An American company, Custer Battles, has a contract to provide security at Baghdad International Airport. It is also using the services of former Gurkhas, as well as personnel recruited in the US. The American firm DynCorp has a $50 million contract to train Iraqi police officers. Vinnell, a subsidiary of Northman Grumman, has a $48 million contract to assist in the training of a new Iraqi Army. The firm USA Environmental has teams of weapons and explosive experts in Iraq and a $65 million contract to collect and destroy unexploded ordinance.
The British/South African company Erinys has the $100 million-plus annual contract to provide security at Iraq’s oil facilities and pipelines. Erinys employs some 14,000 Iraqi security guards on wages of $150 per month, supervised by dozens of former British and apartheid-era South African military.
Four South African Erinys employees were killed during in a guerilla attack in January. It was revealed one of them was Francois Strydom, a white South African who had fought with a pro-apartheid paramilitary in Namibia. Another Erinys contractor who was wounded in the attack, Deon Gouws, had been a member of the South African secret police Vlakplaas and was charged by the South African Truth Commission for murdering an anti-apartheid activist in 1986. A former South African judge Richard Goldstein told the press he knew of 150 former apartheid-era security operatives working as mercenaries in Iraq.
A number of other PMCs are in Iraq fulfilling contracts for the CPA and private companies. Texan firm Meyer & Associates can apparently provide “liaisons with government, diplomatic, military, local and guerilla leaders,” as well as more traditional security services. Overseas Security & Strategic Information offers the services of “highly trained and experienced South African security personnel, managed by former American intelligence officers with paramilitary backgrounds.” Chicago-based Triple Canopy can provide people in Iraq looking for protection with everything from “discreet travel companions to heavily armoured high profile convoy escort.” Military Professional Resources Incorporated (MPRI) claims to have a database of 12,500 former US military and police personnel available for hire.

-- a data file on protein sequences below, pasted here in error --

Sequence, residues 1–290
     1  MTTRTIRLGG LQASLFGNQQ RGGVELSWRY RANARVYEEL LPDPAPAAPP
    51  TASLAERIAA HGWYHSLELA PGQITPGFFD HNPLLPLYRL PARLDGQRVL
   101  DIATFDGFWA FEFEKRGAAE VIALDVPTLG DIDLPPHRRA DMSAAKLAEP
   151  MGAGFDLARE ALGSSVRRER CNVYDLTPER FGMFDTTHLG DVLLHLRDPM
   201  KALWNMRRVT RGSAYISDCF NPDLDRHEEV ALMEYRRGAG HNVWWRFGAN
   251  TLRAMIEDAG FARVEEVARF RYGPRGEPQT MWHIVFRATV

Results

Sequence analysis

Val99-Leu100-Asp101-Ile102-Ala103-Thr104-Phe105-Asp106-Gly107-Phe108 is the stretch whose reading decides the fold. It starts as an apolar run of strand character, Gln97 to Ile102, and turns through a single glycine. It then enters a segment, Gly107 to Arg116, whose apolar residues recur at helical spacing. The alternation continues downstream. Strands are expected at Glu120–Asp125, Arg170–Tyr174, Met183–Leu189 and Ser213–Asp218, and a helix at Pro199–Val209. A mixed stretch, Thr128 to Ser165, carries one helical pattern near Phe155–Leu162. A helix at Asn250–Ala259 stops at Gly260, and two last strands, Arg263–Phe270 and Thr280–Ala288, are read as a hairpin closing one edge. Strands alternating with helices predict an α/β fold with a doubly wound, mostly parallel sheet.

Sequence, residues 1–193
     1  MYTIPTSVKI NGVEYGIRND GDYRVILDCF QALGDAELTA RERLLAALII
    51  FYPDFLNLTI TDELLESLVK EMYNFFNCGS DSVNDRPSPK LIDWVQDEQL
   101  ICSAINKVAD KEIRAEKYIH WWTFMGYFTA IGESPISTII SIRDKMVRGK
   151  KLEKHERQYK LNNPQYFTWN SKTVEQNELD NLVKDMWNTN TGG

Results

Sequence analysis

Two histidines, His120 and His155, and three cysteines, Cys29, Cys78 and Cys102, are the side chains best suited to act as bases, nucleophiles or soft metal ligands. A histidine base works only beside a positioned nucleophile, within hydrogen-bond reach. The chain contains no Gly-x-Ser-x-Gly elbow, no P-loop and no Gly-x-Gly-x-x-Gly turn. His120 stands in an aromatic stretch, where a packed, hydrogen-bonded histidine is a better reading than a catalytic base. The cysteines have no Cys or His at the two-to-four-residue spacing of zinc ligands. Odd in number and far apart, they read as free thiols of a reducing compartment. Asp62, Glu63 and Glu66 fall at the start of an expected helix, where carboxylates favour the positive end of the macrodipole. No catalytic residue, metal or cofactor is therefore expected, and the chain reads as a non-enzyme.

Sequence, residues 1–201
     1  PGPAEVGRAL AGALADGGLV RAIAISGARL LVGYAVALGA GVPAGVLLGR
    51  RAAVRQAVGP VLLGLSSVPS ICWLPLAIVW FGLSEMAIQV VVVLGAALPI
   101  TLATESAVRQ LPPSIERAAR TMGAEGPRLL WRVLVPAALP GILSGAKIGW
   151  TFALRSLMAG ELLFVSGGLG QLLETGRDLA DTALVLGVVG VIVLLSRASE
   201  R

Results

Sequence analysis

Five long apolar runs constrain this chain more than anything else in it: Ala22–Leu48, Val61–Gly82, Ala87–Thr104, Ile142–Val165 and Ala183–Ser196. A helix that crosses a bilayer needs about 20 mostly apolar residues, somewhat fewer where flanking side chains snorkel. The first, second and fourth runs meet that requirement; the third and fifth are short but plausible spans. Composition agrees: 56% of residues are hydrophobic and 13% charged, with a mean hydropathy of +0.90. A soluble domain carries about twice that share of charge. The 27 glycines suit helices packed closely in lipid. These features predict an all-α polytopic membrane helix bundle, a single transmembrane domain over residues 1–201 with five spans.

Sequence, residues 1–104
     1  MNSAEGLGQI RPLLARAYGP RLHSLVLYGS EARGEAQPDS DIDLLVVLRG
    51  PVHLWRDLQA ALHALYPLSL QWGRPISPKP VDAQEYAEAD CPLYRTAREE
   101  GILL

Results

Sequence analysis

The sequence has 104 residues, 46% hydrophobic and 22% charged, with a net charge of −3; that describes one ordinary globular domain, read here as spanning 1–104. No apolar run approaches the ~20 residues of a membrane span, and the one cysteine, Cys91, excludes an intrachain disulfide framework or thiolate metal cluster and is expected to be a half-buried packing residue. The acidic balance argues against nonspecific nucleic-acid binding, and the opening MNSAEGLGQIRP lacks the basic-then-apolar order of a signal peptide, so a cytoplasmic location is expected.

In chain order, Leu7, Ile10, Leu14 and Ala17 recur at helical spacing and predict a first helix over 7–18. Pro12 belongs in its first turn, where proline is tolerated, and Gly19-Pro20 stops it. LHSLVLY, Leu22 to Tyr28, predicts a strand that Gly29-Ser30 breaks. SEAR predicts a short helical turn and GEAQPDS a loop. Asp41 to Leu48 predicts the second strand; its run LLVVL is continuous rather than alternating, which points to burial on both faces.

The secrecy surrounding the operations of PMCs is enabling the White House to obscure the actual cost in terms of men and casualties it is taking to sustain the illegal occupation of Iraq. If a private contractor is killed or injured for whatever reason in Iraq, it is up to company to choose whether to make the information public. Few choose to highlight their casualties. Peter Singer, a fellow at the Brookings Institution who has written on the operations of private security firms for over a decade, estimated in an April 15 essay that between 30 and 50 PMC employees had been killed in fighting, with “tens” more killed in accidents.
In the last week alone, six more security contractors—two South African, two Fijians and two American—have been killed. Applying the same ratio of six wounded to every death being suffered by the US military, Singer estimated that at least 200 to 300 wounded contractors have not been reported.
The secrecy of PMCs poses another, ominous possibility. The occupation of Iraq involves a systematic campaign of murder and reprisals against growing Iraqi resistance. Mercenaries provide the Bush administration with a supply of hired killers to carry out the dirtiest aspects of colonial repression—from torture to provocations and assassination—which it would prefer the military was not directly involved in.
It is a measure of how little support there actually is for the US presence in Iraq—both among the Iraqi and the American people—that the Bush administration is dependent on such outfits to police the occupation.